Charcot-Marie-Tooth (CMT) is a hereditary disorder of the peripheral nervous system that strikes 1 person in every 2500. Increasing debilitation of the muscles ultimately leads to their disappearance in the lower legs, feet and hands. Now, researchers from VIB (the Flanders Interuniversity Institute for Biotechnology) have discovered a piece of the molecular puzzle of this disease. Two small 'heat shock' proteins turn out to be crucial - faults in the coding genes lead to the disease. Additional research has shown that these proteins play an important role in many other neurodegenerative disorders as well. This research moves us a step closer to the development of new therapies.
CMT, a serious disorder without a cure
CMT, the most common hereditary disorder of the peripheral nervous system, leads to debilitation of the muscles in the lower legs, feet and hands. The clinical picture is extremely variable, but older patients sometimes require a wheelchair. Today, only supportive treatment is available; there are still no effective therapies to retard or stop the progress of the disease. More insight into the molecular processes of this disease is essential for diagnosis and potential treatment. And exploration of the genes involved is a crucial step in this.
VIB research findings
Joy Irobi and her colleagues - under the direction of Vincent Timmerman and Peter De Jonghe of the Department of Molecular Genetics, University of Antwerp - are concentrating on the genetic and biological study of hereditary disorders of the peripheral nervous system. The largest cells in our body, our peripheral neurons can be 1 meter long in bundles of nerve fibers extending from the spinal cord to the feet.
Recently, the researchers in Antwerp have found mutations in the genetic code of two small 'heat shock' proteins (HSPs) in a number of people with CMT. In stress situations, cells produce HSPs that act as 'chaperones', stabilizing other proteins and protecting against degradation. The specific function of the two HSPs in our peripheral nerves has not yet become clear, but the mutations that have been discovered in several European families are now leading to serious symptoms.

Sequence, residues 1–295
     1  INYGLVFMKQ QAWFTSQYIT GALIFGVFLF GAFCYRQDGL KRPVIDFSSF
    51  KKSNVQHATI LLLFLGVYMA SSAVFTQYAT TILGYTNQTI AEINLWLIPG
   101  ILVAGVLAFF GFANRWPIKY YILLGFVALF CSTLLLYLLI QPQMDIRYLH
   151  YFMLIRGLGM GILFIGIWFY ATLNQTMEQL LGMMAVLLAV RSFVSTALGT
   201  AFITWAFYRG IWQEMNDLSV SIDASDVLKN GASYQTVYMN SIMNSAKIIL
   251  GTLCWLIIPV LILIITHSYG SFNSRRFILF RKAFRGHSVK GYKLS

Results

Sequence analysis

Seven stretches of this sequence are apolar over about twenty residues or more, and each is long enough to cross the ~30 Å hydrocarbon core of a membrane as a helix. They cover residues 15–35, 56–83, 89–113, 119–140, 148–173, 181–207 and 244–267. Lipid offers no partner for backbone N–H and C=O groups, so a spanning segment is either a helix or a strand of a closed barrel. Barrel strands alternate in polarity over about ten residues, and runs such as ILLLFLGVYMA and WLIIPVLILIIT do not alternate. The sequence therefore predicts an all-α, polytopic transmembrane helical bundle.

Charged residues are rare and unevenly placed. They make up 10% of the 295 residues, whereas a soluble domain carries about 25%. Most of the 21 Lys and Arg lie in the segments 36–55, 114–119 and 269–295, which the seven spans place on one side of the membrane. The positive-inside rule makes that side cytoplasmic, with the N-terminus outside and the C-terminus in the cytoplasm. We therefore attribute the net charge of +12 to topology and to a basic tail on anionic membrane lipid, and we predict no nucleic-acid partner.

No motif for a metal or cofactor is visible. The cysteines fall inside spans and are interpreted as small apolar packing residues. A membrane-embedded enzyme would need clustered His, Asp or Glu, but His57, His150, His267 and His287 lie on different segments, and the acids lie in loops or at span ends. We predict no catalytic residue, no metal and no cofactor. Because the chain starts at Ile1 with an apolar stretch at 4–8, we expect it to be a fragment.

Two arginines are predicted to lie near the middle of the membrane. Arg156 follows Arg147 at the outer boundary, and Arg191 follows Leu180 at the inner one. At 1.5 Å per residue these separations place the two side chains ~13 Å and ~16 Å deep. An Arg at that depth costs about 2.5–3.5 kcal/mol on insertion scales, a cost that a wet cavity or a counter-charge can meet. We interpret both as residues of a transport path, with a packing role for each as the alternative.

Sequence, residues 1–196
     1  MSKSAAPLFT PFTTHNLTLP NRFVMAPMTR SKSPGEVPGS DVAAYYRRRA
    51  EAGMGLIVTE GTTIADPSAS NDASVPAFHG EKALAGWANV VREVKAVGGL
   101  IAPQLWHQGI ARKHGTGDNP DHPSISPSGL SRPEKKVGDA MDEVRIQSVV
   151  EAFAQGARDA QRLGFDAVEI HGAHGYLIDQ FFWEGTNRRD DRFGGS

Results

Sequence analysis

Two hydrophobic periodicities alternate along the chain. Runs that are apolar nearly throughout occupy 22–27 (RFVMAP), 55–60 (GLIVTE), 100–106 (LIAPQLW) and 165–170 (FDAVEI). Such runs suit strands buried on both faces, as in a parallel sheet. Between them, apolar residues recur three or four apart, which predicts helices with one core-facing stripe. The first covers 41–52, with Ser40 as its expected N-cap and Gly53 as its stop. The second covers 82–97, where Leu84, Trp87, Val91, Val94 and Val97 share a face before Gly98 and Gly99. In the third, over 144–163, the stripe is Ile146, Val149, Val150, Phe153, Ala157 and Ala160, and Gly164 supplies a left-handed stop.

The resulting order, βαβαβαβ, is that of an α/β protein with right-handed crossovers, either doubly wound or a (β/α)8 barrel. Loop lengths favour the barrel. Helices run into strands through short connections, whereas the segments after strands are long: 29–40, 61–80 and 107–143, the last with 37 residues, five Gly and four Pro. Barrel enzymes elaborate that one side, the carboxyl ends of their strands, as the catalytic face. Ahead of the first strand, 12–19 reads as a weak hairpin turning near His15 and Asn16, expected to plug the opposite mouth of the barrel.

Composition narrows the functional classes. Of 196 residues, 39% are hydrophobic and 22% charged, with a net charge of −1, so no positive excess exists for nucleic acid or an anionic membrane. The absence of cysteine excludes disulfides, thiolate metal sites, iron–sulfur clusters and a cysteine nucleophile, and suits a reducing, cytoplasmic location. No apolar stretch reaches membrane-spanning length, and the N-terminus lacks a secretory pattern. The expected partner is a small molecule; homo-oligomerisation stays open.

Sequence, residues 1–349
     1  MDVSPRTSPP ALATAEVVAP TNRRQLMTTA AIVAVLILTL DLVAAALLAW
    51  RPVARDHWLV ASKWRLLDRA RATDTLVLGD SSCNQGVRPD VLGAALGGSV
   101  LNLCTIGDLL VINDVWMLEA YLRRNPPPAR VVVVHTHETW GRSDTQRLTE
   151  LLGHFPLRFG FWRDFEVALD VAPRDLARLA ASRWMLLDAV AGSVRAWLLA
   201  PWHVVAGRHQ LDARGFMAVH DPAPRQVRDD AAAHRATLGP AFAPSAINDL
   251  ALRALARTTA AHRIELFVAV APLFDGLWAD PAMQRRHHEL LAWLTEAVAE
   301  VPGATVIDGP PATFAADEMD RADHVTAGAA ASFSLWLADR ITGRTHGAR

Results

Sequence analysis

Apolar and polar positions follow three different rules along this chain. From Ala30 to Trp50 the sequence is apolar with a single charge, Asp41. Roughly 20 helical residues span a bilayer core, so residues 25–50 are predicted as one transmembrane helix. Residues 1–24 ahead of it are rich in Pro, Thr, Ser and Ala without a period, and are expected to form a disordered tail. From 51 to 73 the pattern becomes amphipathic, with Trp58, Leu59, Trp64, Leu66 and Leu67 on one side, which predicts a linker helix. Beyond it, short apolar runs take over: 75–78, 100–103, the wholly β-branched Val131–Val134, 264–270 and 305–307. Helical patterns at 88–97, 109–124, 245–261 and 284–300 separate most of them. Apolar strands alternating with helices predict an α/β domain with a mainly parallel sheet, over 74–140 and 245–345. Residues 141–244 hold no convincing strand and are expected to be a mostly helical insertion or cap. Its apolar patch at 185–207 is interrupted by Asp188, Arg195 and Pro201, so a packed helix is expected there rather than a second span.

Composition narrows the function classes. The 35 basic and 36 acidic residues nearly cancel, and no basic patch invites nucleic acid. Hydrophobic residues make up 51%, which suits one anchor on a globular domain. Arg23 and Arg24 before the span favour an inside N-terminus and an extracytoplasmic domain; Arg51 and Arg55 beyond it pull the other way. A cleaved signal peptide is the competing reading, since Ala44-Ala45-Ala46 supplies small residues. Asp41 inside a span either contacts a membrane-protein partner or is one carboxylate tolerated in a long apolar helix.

Toward new therapies
The scientists have shown that the mutations lead to a stronger interaction between the two HSPs. This causes a precipitation in cultured cells and reduces the viability of neurons. These findings demonstrate the importance of HSPs in neurodegenerative disorders. The team's research results will open the way for new progress in the development of therapies for these hereditary nervous disorders. These HSPs have previously been studied in Amyotrophic Lateral Sclerosis (ALS, or Lou Gehrig's disease), a serious acquired disorder of the nervous system. Hopefully, the discovery of the mutations in the two HSPs will now lead to new insights into this disorder as well.
Source: Eurekalert & othersLast reviewed: By John M. Grohol, Psy.D. on 21 Feb 2009
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